# How is work done by friction in rolling without slipping zero? [duplicate]

When a body say a cylinder of radius R rolls down an inclined plane without slipping why is there no work done by the force of friction?

In other answers that I have read they say that it is because the displacement is zero but thats not true because the point on the bottom is moving on a trochoid. So this is not a duplicate.

We can also do a different approach like say initially the point P is in contact with ground where friction acts then the force of friction f provides torque about centre of mass equal to RfX where x is angular displacement net of P which clearly is not always zero in some cases might be .

Work isn't just the force times the distance, it's the dot product of the vector force times the vector displacement, $$Work=\vec F \cdot \vec x$$ At the point of contact, the cylinder isn't sliding along the surface, so the only possible motion is perpendicular to the surface, and so the only possible motion at that point is perpendicular to the direction of the force.

Edit:

If the point of contact was moving away or towards the surface, that would mean that the cylinder itself was moving away or towards the surface.

In fact, the point on the edge is at rest, just for an instant. It's accelerating, so it doesn't stay at rest, but at the instant of contact the point is nonetheless at rest.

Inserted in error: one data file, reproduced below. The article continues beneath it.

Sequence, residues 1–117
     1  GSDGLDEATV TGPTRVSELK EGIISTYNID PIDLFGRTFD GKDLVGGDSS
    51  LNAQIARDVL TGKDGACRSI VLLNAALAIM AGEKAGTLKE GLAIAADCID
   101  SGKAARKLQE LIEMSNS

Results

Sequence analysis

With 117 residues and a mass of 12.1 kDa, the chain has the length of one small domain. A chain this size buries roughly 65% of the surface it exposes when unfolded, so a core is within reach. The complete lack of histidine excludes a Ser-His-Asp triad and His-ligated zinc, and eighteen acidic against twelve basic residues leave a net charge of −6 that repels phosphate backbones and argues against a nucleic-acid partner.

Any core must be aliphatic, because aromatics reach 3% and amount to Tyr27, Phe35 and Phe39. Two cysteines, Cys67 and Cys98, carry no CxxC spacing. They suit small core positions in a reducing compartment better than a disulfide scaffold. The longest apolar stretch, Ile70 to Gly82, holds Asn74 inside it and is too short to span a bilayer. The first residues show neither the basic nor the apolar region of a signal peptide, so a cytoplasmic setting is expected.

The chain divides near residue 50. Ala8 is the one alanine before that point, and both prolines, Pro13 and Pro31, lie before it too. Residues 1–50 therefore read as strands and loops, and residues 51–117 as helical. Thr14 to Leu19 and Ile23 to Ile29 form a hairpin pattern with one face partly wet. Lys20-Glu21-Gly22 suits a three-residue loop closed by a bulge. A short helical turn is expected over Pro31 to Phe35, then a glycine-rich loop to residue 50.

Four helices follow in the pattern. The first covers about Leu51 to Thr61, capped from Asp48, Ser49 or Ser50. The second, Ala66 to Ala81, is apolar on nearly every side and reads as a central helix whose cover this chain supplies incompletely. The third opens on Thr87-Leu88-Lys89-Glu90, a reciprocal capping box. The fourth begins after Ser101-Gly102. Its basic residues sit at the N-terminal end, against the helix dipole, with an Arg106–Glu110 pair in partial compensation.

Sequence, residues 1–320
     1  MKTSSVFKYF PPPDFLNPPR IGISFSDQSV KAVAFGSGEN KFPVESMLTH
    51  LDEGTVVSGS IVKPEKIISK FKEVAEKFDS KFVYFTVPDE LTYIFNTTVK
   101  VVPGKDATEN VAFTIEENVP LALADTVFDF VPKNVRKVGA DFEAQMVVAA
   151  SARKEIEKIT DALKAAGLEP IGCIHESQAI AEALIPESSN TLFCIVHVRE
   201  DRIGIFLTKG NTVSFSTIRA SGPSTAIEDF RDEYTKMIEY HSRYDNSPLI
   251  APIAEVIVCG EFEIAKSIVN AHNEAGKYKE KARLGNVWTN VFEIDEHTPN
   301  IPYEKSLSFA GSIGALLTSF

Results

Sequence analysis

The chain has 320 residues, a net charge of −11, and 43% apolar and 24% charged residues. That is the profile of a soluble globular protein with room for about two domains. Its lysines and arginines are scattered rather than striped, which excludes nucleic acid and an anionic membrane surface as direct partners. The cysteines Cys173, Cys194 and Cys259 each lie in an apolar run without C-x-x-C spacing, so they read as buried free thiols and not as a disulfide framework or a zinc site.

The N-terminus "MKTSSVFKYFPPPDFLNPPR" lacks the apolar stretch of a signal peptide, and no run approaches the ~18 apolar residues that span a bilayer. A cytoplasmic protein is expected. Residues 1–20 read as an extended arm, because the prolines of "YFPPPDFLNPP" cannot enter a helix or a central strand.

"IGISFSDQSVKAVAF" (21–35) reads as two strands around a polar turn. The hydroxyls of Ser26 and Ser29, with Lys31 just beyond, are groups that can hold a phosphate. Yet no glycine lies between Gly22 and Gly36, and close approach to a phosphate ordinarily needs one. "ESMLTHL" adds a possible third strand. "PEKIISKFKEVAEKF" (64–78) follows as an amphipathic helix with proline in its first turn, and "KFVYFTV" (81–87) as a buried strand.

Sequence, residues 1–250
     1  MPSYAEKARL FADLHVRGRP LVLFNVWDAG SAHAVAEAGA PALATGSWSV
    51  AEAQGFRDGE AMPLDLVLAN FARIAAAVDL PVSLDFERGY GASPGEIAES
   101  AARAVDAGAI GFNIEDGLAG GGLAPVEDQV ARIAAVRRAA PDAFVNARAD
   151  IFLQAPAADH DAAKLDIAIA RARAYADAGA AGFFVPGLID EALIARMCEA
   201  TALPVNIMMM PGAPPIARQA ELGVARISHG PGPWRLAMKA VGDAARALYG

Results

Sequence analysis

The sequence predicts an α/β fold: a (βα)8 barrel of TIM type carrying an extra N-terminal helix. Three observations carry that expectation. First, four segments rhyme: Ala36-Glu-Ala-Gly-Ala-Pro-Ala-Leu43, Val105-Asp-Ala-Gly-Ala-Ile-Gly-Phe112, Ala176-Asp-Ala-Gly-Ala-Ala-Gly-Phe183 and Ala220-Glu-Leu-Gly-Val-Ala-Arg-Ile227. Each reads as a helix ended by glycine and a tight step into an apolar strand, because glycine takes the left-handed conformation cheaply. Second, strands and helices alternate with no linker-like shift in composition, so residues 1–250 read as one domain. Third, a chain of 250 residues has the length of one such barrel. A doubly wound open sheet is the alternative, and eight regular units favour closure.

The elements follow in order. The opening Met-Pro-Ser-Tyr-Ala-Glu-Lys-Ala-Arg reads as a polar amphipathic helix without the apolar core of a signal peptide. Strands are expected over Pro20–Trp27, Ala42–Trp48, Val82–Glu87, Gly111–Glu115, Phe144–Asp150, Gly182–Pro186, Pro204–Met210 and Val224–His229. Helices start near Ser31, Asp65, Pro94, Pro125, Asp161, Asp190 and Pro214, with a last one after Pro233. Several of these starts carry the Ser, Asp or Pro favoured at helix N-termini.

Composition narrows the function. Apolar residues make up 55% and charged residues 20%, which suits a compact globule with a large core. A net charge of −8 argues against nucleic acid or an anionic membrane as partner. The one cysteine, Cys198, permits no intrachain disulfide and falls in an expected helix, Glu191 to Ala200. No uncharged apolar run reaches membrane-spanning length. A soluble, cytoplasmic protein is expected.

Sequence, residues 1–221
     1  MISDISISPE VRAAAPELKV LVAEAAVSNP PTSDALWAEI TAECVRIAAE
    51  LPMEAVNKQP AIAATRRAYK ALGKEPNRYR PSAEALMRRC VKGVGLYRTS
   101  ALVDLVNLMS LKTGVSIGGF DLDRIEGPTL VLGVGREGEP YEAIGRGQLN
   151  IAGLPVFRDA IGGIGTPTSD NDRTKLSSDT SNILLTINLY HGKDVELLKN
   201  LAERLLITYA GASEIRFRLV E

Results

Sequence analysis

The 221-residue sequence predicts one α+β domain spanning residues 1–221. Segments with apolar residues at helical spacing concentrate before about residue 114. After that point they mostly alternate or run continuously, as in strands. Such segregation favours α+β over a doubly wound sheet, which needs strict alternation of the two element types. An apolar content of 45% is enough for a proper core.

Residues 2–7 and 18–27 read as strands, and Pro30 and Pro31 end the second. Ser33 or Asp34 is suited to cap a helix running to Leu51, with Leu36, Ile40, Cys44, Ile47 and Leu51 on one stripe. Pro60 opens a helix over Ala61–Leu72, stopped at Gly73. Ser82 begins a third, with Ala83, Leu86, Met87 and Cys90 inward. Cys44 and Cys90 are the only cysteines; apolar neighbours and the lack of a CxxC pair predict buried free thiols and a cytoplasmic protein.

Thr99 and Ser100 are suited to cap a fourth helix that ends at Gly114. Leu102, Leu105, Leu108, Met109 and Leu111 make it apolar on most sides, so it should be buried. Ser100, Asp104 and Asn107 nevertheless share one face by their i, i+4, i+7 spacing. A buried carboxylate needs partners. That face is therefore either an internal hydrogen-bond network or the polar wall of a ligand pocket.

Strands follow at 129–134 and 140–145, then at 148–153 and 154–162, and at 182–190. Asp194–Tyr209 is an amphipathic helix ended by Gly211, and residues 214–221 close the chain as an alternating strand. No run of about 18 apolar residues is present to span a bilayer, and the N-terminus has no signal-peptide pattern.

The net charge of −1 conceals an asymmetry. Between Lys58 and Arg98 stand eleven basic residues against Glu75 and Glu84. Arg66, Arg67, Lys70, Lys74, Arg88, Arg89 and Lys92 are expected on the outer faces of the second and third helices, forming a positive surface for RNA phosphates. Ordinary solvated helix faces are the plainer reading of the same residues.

It's a little bit like how when something is thrown straight upwards that it's at rest for an instant at the top of its path. It doesn't stop dead, but it does stop for an instant while reversing its direction of motion.

Edit: a graphical explanation

The velocity of points on the the edge of a spinning disk go like.

A rolling disk, on the other hand adds in the velocity vector for the motion of the center of mass.

Edit: Here's the mathematical explanation for the motion of a point on the edge of a cylinder:

If we start with a spinning cylinder with a center of mass at rest we can describe a point on the outer surface of that cylinder by using a circle being swept out at a constant rate of rotation.

$$\vec x=r(cos(\omega t), -sin(\omega t))$$ (The negative is because we are moving clockwise.) Taking the derivative, we get the velocity,

$$\vec v=r \omega (-sin(\omega t), -cos(\omega t))$$ Since $v=r \omega$ $$\vec v=v (-sin(\omega t), cos(\omega t))$$ If we add a constant velocity of $$\vec v_{along}=(v,0)$$ we get $$\vec v=(v,0)+v (-sin(\omega t), -cos(\omega t))$$

The point on the bottom is given when $$\vec x=r(cos(\omega t), -sin(\omega t))=(0,-r)$$ So $sin(\omega t)=1$ and so, $$\vec v=(v,0)+v(-1,0)=(0,0)$$

• How is there a motion perpendicular to the surface? Because the point of contact is moving sideways as well as forward hence in some direction which is not perpendicular to surface plus there cannot be any motion perpendicular to surface becuse normal reaction and the gravity component opposite to N are balanced. – Matt May 6 '17 at 15:58
• That was my mistake. – David Elm May 6 '17 at 16:29
• JUST curious how did you draw the figure ? – Matt May 6 '17 at 16:36
• I used Mathematica. I can post the code if you like. – David Elm May 6 '17 at 16:37
• How is torque not doing work isn't its rotational kinetic energy increasing according to work energy theorem ? – Matt May 6 '17 at 16:41